Death rates ‘worryingly high’ at several of region’s hospitals

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DEATH rates at a number of Yorkshire hospitals have been flagged up as potential causes for concern in a new report.

The latest Dr Foster hospital guide also highlights worryingly high mortality levels at Northern Lincolnshire and Goole Hospitals NHS Foundation Trust, which was put into special measures earlier this year following a Government review into high death rates.

A higher-than-expected number of patients at Hull and East Yorkshire Hospitals NHS Trust died after surgery in 2012-13, the guide shows.

Rotherham NHS Foundation Trust had a higher than expected number of deaths in hospital or within 30 days of release according to its summary hospital-level mortality indicator (SHMI) score.

And the rate of in-hospital deaths at South Tees Hospitals NHS Foundation Trust, which treats patients at the James Cook Hospital, Middlesbrough, and the Friarage Hospital in Northallerton, was found to be high using the hospital standardised mortality ratio (HSMR).

Mortality rates at the trusts, except Northern Lincolnshire and Goole trust, which runs services in Grimsby, Scunthorpe and Goole, were within or lower than expected levels across all other measures, however.

Ian Philp, chief medical officer at Hull and East Yorkshire, said at least half the deaths in the data used to compile its score were patients who were undergoing medical procedures rather than surgery under anaesthetic, many of whom were already critically ill.

“We see it as our duty to give the best possible care to our patients, so we will intervene and carry out procedures to give them the best chance of survival, even if they are really poorly and their outlook is not overly positive,” he said.

“This is something most people would want us to do if it were their relative or loved one, but this approach clearly does not reflect well when it comes to scoring systems such as this.”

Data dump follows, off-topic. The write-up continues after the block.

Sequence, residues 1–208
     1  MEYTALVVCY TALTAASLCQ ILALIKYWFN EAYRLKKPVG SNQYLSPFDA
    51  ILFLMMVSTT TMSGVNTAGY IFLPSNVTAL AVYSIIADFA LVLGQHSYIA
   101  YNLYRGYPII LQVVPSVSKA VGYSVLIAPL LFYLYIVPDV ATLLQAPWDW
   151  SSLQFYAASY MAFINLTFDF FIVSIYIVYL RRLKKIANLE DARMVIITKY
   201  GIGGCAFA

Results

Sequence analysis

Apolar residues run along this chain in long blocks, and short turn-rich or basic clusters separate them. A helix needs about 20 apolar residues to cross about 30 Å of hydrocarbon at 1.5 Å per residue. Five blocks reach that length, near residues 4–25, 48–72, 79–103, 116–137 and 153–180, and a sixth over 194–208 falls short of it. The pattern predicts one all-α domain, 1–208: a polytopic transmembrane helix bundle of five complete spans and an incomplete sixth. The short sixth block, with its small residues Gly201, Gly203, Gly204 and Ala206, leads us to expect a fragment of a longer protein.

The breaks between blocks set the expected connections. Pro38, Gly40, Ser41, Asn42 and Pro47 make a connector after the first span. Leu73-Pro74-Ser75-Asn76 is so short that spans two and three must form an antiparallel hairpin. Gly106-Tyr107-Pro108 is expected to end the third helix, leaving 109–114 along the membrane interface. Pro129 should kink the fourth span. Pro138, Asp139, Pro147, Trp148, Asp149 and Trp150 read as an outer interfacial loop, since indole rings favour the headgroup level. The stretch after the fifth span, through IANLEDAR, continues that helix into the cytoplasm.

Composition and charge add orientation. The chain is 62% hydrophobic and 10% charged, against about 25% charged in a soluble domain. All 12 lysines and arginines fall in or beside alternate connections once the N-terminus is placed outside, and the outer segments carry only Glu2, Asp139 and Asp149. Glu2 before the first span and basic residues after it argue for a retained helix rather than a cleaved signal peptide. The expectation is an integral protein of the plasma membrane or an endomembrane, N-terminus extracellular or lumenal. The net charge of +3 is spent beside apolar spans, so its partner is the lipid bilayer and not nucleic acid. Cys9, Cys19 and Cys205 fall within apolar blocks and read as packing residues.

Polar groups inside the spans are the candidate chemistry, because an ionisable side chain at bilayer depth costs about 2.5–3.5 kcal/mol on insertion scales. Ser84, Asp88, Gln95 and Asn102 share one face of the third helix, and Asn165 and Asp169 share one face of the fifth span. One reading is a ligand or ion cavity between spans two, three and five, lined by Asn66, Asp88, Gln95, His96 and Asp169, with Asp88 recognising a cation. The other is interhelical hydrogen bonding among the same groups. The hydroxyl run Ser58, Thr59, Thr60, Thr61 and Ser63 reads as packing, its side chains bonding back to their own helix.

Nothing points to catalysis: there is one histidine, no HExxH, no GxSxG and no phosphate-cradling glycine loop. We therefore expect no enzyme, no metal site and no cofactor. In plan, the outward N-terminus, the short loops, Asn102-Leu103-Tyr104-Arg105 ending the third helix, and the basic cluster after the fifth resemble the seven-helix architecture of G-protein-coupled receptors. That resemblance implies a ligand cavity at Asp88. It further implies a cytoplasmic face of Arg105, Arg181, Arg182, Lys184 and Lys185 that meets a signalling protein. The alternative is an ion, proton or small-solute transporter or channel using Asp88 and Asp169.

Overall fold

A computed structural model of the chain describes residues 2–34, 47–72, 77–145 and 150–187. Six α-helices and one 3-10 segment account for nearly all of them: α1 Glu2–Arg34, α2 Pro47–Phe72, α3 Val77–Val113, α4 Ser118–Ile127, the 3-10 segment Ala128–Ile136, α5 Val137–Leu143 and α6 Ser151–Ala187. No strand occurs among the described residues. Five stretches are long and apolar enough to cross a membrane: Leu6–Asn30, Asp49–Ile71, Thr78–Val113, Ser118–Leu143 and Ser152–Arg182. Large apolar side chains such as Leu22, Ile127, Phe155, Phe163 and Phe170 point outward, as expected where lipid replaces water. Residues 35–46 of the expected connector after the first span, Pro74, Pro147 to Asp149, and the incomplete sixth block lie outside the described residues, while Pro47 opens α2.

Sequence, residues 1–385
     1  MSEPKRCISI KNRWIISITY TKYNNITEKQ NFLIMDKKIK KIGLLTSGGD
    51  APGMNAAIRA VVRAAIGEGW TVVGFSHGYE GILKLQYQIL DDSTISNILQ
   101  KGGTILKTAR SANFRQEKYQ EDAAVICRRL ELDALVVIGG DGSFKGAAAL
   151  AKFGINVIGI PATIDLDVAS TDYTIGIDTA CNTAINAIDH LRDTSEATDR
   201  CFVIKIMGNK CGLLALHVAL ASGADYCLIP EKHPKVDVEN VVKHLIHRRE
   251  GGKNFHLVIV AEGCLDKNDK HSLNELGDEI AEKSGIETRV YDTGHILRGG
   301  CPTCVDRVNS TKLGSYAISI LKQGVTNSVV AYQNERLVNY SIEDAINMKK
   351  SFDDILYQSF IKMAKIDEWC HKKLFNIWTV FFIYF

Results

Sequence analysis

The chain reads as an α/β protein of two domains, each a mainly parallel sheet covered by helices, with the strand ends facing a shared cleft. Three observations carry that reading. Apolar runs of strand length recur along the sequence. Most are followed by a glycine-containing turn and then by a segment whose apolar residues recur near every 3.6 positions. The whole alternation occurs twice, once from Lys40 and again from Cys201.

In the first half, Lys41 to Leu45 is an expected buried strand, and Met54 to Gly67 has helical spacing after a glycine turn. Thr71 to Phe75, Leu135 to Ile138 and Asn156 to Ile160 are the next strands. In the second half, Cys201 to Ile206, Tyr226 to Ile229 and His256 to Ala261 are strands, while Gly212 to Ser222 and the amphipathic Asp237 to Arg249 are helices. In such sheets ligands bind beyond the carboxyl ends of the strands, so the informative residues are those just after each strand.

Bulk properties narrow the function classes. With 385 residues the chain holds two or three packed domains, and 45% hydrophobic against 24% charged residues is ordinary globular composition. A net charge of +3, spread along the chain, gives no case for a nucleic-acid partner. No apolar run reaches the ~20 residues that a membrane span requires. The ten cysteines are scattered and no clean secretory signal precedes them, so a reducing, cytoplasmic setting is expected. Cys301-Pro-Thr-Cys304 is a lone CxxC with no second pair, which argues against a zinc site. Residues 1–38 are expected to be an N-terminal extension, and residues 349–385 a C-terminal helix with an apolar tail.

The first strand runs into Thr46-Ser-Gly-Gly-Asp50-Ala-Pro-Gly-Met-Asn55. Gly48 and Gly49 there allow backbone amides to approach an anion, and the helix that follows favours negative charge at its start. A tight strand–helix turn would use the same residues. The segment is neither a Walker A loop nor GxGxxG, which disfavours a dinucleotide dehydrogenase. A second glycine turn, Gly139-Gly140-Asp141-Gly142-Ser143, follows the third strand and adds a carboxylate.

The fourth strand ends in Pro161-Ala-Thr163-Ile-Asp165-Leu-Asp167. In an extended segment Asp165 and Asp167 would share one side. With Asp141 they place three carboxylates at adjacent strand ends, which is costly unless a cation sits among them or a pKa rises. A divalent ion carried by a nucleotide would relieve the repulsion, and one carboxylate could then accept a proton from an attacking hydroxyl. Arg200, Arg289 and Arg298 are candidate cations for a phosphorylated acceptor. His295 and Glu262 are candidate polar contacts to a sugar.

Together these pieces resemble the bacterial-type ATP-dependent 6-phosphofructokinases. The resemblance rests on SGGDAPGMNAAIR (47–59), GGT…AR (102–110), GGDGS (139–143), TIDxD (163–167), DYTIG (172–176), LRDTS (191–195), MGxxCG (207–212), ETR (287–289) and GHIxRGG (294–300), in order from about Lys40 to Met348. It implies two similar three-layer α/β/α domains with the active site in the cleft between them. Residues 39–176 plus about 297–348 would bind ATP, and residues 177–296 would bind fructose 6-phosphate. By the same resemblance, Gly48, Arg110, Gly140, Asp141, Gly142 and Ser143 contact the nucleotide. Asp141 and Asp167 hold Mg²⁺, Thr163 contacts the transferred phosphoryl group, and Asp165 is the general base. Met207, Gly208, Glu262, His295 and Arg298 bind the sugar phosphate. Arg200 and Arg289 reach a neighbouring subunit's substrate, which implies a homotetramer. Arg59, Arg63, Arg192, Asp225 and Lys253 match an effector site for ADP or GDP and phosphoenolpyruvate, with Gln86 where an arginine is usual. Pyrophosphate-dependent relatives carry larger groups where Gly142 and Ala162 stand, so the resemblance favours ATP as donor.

Patricia Bain, acting executive health informatics officer at Rotherham, said death rates had reduced considerably since March, when the figures were compiled. Its high mortality figure can be explained in part by the level of end-of-life care delivered by the hospital, which is the 16th-highest in the country, she said.

A South Tees spokeswoman put the rise in the number of in-hospital deaths down to more elderly patients suffering respiratory illnesses during last year’s “unusually long and cold winter”.

Northern Lincolnshire and Goole chief executive Karen Jackson said while mortality rates remained high they had “reduced steadily” since the previous year and described the results as “excellent progress”.

The Leeds and Doncaster and Bassetlaw trusts are also highlighted by the guide as having one hospital with a notably higher HSMR than the overall trust level.

However in Leeds, overall death rates were lower than expected and those at the supposed “outlier” – Leeds General Infirmary – were still within expected levels across all measures.

Mortality rates at Doncaster and Bassetlaw hospitals were also within expected levels across all indicators but in-hospital deaths were higher at Doncaster Royal Infirmary than at Bassetlaw.

Trust medical director Sewa Singh said it was due to an increased number of “very seriously unwell patients” admitted.

An extra £7m invested to increase staffing levels and bed capacity and the introduction of seven-day working is expected to lower mortality rates, he added.

Across England and Wales, the guide showed 16 trusts had higher than expected in-hospital death rates, down from 20 the previous year. Some 237,100 patients died in hospital in 2012-13, 4,400 more than the previous 12 months but 5,300 fewer than 2010-11.